Week of January 20

Fighters loyal to the internationally recognised Libyan Government of National Accord (GNA) gesture as they keep a look out on the roof of a building in an area south of the Libyan capital Tripoli on January 12, 2020. Credit: Mahmud Turkia/AFP

With increasing instability and violence in neighboring Libya, Tunisian President Kais Saied in a national security meeting on January 7th noted the possibility of an influx in Libyan refugees. President Saied urged international organizations such as the European Union and the United Nations High Commissioner of Refugees for humanitarian aid in responding to the influx of refugees. The impending crisis comes at a time of great political instability in Tunisia, as the country’s leaders struggle to form a government. Tunisia has called on all Libyan, regional and international parties to work for the immediate cessation of military operations and to abide by international legitimacy and the outputs of the Libyan Political Agreement. 

A UNICEF official stated prior to the start of the Berlin Conference on Libya that children there are suffering greatly amid the violence and chaos resulting from the country’s long civil war, which has been aggravated by eastern military commander Khalifa Haftar’s attempt to gain control of capital city Tripoli. The organization’s director shared that “more than 150,000 people, including 90,000 children, have been forced to flee their homes and are now internally displaced. Furthermore, the infrastructure on which children depend for their well-being and survival has been targeted, resulting in damage to nearly 30 health facilities, and the full suspension of 13 of them.” The conference was attended by Turkey, Russia, the UAE and Egypt, and included representatives from the United States, United Kingdom, France, Germany, Congo, Algeria, United Nations, African Union and United Nations. Fayez al-Sarraj, who leads the internationally recognized Government of National Accord (GNA) based in Tripoli, and his rival, military commander Khalifa Haftar, attended but did not participate. All participating parties signed a 55-point communique, in which they also pledged to respect a UN-imposed arms embargo, which has so far failed to stop an influx of troops, cash and weapons into the oil-rich north African state.

On Tuesday, Lebanon announced a new government coalition led by a Hezbollah-backed candidate and establishment figures. Moments after the lineup was read out at the presidential palace in Beirut, new prime minister, little-known, 60-year-old technocrat Hassan Diab, said, “I’ve been appointed in the face of many accusations. I wanted to work, not to argue. I have abided by the law informing me to form a government. I followed the rules and regulations to form a new team of ministers.” The Hezbollah–backed prime minister is unlikely to gain the needed support of Gulf allies, the U.S. and other Western partners for economic assistance. The recent mass protests against the government are also unlikely to stop because of the government’s continued ties to the political establishment that is blamed for Lebanon’s chronic economic and political problems. 

On Wednesday, the UN human rights office released a statement on the alleged Saudi Arabia hack of Amazon chief Jeff Bezos’ phone, calling for an “immediate investigation by US and other relevant authorities, including investigation of the continuous, multi-year, direct and personal involvement of the Crown Prince in efforts to target perceived opponents.” A WhatsApp account belonging to the Crown Prince of the Kingdom of Saudi Arabia in 2018 deployed digital spyware enabling surveillance of Bezos. The UNOCHR expressed grave concern over the developments, noting that the actions are in contravention of fundamental international human rights standards. The surveillance was conducted “in an effort to influence, if not silence, The Washington Post’s reporting on Saudi Arabia,” which had included coverage of the murder of Post correspondent Jamal Kashoggi. Saudi Arabia denied that it was behind the hacking and also called for an investigation.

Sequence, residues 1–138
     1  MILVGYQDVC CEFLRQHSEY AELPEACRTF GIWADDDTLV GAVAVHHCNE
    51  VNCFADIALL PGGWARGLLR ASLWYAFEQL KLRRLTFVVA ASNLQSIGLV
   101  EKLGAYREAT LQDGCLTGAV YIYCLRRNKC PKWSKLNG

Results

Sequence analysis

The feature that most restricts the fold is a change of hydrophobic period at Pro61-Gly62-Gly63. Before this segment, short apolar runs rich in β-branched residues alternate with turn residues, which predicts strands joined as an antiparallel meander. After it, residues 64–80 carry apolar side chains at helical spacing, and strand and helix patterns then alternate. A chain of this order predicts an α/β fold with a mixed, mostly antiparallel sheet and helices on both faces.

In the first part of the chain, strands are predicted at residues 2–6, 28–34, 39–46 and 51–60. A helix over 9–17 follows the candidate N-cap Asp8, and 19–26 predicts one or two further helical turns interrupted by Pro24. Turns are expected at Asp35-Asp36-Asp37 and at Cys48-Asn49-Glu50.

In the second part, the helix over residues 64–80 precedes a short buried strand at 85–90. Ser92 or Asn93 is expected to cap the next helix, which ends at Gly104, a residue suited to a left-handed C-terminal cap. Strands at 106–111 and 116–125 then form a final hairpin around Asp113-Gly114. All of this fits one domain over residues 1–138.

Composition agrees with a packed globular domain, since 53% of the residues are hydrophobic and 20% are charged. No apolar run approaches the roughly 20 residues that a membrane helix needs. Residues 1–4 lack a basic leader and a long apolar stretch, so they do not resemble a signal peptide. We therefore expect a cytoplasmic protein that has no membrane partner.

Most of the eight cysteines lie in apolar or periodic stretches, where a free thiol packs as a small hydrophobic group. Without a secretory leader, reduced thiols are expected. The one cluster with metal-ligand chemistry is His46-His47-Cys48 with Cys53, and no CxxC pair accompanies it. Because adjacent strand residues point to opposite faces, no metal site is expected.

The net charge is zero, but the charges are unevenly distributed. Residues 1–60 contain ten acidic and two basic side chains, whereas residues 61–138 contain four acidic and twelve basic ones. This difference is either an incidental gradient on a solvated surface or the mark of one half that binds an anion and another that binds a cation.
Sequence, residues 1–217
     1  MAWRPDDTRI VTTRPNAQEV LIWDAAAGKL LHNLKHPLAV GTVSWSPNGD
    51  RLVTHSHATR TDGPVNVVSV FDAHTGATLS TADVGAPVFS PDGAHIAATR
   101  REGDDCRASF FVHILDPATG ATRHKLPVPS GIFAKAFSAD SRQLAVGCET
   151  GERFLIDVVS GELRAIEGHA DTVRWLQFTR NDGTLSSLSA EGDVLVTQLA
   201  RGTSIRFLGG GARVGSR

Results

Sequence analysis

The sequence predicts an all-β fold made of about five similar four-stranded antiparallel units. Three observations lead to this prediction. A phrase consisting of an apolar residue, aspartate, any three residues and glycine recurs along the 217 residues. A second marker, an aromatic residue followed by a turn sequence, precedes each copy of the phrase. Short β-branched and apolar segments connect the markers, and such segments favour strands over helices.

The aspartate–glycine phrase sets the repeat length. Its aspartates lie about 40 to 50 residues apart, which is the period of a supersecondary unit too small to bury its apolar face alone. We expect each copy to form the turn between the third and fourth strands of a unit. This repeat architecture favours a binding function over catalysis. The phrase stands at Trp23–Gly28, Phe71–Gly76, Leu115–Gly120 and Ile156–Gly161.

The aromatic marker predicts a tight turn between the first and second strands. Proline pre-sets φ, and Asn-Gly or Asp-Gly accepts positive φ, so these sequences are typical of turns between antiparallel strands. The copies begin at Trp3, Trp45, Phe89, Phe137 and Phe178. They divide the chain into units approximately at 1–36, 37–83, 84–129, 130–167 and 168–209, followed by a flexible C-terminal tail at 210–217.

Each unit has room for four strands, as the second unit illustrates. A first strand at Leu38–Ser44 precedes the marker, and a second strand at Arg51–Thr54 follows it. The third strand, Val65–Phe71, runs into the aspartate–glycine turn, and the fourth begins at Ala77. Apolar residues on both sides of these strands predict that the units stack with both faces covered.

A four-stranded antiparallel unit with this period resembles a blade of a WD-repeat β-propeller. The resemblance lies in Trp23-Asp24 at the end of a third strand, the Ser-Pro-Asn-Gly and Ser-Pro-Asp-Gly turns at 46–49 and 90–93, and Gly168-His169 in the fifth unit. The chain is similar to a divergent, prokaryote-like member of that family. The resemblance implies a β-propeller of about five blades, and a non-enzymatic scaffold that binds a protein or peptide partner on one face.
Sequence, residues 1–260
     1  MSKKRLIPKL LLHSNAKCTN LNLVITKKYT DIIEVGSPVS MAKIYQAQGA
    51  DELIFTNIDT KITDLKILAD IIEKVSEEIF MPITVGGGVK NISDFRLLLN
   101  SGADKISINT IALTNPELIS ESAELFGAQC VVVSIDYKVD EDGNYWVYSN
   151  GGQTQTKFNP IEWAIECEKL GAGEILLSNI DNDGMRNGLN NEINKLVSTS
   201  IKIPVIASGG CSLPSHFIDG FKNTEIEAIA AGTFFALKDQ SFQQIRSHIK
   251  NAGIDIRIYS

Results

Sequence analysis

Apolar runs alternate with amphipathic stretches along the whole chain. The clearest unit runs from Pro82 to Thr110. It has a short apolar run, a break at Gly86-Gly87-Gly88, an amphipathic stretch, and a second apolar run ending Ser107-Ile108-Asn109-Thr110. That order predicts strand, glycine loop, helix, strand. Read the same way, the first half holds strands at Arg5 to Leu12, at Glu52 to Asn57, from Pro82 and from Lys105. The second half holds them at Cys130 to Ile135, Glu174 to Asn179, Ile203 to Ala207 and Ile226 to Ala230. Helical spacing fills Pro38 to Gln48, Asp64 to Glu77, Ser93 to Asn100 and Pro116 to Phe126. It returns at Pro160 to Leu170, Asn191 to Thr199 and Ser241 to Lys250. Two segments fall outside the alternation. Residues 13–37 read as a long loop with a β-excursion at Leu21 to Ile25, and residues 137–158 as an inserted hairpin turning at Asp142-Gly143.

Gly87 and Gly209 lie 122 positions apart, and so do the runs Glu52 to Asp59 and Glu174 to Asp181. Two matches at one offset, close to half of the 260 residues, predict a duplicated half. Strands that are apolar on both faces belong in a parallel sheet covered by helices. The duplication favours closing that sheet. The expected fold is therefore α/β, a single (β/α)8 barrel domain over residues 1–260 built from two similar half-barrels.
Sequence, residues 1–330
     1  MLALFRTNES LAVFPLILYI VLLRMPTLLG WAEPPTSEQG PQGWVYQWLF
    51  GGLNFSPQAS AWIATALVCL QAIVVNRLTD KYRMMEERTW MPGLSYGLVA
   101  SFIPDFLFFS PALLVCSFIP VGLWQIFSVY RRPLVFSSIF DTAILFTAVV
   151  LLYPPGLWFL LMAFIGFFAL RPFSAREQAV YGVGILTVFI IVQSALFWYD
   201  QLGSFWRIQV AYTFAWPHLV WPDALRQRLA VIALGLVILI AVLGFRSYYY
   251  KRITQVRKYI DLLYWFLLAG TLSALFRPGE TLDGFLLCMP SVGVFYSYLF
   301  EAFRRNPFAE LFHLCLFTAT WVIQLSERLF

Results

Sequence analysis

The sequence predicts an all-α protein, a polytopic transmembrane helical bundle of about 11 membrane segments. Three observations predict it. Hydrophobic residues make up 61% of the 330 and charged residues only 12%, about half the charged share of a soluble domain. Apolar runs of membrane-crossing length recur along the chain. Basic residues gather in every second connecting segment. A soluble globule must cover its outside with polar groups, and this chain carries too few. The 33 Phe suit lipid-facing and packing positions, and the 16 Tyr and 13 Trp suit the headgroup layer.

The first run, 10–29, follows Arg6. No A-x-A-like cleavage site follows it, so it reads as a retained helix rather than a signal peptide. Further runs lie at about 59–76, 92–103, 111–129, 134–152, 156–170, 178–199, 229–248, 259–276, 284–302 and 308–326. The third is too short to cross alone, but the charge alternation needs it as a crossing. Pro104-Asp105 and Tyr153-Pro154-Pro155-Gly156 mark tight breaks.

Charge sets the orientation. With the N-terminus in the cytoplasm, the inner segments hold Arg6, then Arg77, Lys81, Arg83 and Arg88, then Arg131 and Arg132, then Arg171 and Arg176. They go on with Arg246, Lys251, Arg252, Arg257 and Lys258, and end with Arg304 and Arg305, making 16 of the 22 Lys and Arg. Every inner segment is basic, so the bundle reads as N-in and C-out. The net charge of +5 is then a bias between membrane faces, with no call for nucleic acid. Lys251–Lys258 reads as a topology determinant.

World leaders converged in Jerusalem on Thursday to mark the 75th anniversary of the liberation of Auschwitz at the Fifth World Holocaust Forum at the Yad Vashem Holocaust memorial. Dozens of world leaders attended the event and, in speeches, stressed the need to combat a growing global trend of antisemitism. Isreal’s Prime Minister Netanyahu used the opportunity to urge the world to unite to confront Iran. He warned that, today, Iran “openly seeks to develop nuclear weapons and annihilate the one and only Jewish state.” He also thanked President Trump and his deputy, Mike Pence, for their commitment to “confronting the tyrants of Tehran, who subjugate their own people, who threaten the peace and security of the entire world.” Iran has repeatedly called for the eradication of the State of Israel, but says that it is not anti-Semitic. It has also denied that it wants nuclear weapons.

On Friday, eight U.S. troops injured in the January 8th missile attack by Iran on the al Asad airbase in Iraq – and subsequently diagnosed with traumatic brain injury (TBI) – arrived in the United States for further treatment, according to Pentagon spokesman Jonathan Hoffman. Hoffman said those troops are among a total of 34 American service members diagnosed with TBI after the attack, which was in reprisal for a U.S. drone strike Jan. 3rd that killed top Iranian general Qassed Soleimani. The statement was at least the third time U.S. officials have had to revise President Trump’s January 8th claim that no Americans were injured by the Iranian missile barrage. “No Americans were harmed in last night’s attack by the Iranian regime,” Trump declared at the White House hours after the Iranian attack. “We suffered no casualties.”

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